What’s not to love about gardening? There’s plenty of fresh air, sunshine and the sounds of nature – plus it’s a great opportunity to get creative. If you have a kid are like mine, he loves every opportunity to be outdoors and to get dirty. Throw in a garden hose and you have every kids dream playground. This time of year, we love to get our hands dirty. My son and I always plant flats of flowers in the flower beds and in garden pots located around the house. Every year we try new some combinations – this year we have yellow daisies, red salvia and purple petunias in a couple of containers.
The first step in trying to getting your kids excited about gardening is to let them pick a few plants and then let them take care of those plants as they start to grow. We also plant a few seeds too. It’s fun to see the kids check on them every day until they pop through the ground.
My seven year old son loves to help – from picking the plants to watering them. He is a great little gardener! Last year we grew a zucchini plant in the flower bed and were rewarded with one little round zucchini! Such excitement! This year we decided to try growing herbs in an old copper window box – sounds easy enough.
Before we got started though, we had some prep work to do. Lucky for us, our city offers free compost for its residents. We headed over to the compost bin first to get a few buckets of nitrogen rich compost to fill our containers. While we were there, we decided to check out the community garden plots that were nearby. Turns out there are nearly 100 plots rented out by residents that were full of sprouting plants – it was a sight to see. It really got us inspired to get going on our planting project.
Last year we had a terrible problem with Japanese beetles eating our plants – they feasted on our petunias and morning glories. That won’t be the case this year – we have prepared ourselves by stopping by Walmart and purchasing a spray bottle of Garden Tech® Worry-Free®
Here are a couple of reasons why I liked this product:
- With a special formulation that contains pyrethrins, a botanical insecticide naturally-derived from Chrysanthemum flowers, GardenTech® Worry Free® Brand Insecticides are ideally suited to protect fruits, vegetables and ornamentals.
* The line of specialized insecticides provide fast-acting, effective control of more than 250 crawling and flying insects, including ants, caterpillars, mites and Japanese beetles.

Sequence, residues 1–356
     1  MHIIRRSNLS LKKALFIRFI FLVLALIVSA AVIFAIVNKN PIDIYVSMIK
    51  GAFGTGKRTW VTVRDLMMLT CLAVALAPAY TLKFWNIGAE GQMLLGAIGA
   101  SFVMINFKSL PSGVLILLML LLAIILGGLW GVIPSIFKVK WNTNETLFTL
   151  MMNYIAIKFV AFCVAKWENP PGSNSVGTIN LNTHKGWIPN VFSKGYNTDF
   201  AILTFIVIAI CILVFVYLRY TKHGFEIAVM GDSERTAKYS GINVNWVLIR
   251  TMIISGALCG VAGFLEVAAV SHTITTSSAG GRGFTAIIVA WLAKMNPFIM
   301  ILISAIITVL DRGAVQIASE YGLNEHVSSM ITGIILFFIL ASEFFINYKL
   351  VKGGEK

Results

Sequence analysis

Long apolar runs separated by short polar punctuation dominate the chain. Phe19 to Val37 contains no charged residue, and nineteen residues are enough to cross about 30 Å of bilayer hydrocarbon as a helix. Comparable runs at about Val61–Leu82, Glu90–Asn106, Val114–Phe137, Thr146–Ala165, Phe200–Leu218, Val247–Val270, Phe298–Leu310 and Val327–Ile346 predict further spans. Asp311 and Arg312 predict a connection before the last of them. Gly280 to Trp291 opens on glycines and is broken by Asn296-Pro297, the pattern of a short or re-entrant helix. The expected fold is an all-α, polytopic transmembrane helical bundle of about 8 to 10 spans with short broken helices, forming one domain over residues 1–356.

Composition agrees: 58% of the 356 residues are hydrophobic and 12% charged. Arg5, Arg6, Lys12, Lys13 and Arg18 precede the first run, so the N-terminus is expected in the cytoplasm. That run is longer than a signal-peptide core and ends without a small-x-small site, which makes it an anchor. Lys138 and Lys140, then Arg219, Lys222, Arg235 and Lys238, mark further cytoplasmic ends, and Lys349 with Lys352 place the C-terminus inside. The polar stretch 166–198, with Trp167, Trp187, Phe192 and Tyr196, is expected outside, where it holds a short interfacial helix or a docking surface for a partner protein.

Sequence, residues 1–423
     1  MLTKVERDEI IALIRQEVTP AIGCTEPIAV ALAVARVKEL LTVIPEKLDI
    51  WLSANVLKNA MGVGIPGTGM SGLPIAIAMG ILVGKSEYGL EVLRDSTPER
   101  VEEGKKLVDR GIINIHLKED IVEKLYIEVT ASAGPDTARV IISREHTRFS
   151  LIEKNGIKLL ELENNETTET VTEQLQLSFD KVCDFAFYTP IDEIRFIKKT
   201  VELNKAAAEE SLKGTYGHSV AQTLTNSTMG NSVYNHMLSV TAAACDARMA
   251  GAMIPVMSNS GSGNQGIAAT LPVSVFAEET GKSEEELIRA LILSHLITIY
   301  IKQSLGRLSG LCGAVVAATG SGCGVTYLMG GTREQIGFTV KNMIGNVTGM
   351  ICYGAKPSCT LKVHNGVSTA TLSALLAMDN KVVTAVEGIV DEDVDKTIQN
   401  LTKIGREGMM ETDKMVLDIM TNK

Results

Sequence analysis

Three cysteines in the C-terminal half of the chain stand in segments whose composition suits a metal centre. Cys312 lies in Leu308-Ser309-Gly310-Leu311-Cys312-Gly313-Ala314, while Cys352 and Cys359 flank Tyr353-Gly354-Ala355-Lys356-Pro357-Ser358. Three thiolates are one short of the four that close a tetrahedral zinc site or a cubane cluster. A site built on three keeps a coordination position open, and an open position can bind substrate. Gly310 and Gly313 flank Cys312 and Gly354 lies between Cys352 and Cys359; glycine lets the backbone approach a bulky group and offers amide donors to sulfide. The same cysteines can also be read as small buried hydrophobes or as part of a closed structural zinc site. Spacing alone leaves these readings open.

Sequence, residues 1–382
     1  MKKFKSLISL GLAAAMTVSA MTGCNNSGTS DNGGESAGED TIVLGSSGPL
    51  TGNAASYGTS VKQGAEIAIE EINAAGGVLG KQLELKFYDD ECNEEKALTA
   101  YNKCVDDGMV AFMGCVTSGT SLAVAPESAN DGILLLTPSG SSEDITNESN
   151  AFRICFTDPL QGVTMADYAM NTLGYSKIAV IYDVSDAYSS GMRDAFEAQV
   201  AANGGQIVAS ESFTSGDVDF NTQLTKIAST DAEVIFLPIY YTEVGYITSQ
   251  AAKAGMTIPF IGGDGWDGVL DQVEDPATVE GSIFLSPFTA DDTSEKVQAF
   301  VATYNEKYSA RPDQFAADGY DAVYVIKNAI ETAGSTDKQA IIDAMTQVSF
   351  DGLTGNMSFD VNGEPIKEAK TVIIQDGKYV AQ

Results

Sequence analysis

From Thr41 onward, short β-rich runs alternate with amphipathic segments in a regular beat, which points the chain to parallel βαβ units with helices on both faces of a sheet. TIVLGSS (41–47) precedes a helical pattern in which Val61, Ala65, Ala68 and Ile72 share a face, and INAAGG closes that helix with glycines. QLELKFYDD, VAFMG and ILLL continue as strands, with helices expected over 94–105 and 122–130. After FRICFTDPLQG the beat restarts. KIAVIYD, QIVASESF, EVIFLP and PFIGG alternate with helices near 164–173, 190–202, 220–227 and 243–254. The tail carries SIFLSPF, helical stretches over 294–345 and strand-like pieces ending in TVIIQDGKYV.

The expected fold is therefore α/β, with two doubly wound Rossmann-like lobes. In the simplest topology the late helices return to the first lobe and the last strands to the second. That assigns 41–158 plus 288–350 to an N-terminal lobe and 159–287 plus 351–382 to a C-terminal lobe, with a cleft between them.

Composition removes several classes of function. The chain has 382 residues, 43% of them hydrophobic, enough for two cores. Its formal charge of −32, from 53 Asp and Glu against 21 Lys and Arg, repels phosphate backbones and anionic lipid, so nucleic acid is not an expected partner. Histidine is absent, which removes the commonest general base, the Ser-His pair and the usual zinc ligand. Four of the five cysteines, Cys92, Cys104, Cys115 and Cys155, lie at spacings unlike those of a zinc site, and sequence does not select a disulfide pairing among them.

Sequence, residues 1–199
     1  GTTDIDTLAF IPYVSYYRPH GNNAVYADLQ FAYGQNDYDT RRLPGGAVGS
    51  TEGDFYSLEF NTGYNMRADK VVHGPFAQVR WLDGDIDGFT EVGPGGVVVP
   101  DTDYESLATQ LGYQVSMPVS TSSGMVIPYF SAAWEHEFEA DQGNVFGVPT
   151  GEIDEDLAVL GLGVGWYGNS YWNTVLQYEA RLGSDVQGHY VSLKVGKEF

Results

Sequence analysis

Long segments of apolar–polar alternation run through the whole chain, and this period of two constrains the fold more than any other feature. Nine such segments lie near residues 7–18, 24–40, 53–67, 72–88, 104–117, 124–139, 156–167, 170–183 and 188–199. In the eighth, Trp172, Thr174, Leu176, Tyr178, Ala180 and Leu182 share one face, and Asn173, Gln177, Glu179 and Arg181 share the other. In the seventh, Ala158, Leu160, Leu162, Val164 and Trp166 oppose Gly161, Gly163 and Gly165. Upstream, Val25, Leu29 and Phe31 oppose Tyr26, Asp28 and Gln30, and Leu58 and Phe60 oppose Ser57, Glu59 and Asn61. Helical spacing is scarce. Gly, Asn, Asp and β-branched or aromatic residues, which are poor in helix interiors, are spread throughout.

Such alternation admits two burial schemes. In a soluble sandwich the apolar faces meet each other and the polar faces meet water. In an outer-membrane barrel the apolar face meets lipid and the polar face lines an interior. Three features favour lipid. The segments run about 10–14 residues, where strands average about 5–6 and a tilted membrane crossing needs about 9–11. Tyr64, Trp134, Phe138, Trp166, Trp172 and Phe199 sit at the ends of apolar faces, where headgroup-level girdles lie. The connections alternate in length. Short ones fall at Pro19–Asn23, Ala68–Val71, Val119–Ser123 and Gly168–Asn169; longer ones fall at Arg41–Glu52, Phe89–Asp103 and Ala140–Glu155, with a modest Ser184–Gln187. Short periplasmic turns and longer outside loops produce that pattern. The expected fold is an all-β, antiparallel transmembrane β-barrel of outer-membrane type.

For information on Worry Free Insecticide you can visit their website https://m.worryfreebrand.com
Now we’re ready to head out to buy the plants we need to finish our gardening project. We will report back in a few days on how it went and show you our finished project.
In the mean-time one of our lucky readers will win a $50 Walmart gift card to help kick off the 2012 gardening season!
A $50 Walmart Gift Card
Leave us a comment below telling us what you like to plant in the garden.
The Fine Print
No purchase necessary to enter. Open to legal residents of USA, must be least 18 years of age to enter. Winner will be selected randomly through https://random.org. Detroit Mommies writers and contributors are ineligible to participate. Entries that do not follow all of the entry requirements will not be considered. The gift card fulfillment will be handled by a third party. Detroit Mommies is not responsible for products shipped from outside vendors or sponsors. The contest will close on Tuesday, June 19, 2012 @ 11:59:59 p.m. EST and winners selected on Wednesday, June 20, 2012. Winners must respond to Detroit Mommies within 24 hours or an alternate winner will be selected.
Disclosure: Central Garden & Pet partnered with bloggers such as me to help educate us all about their Worry Free® products. As part of this program, I received compensation. They did not tell me what to purchase or what to say about the use of the products. All views and opinions are my own. Central Garden & Pet believes that consumers and bloggers are free to form their own opinions and share them in their own words. Central Garden & Pet’s policies align with WOMMA Ethics Code, FTC guidelines and social media engagement recommendations.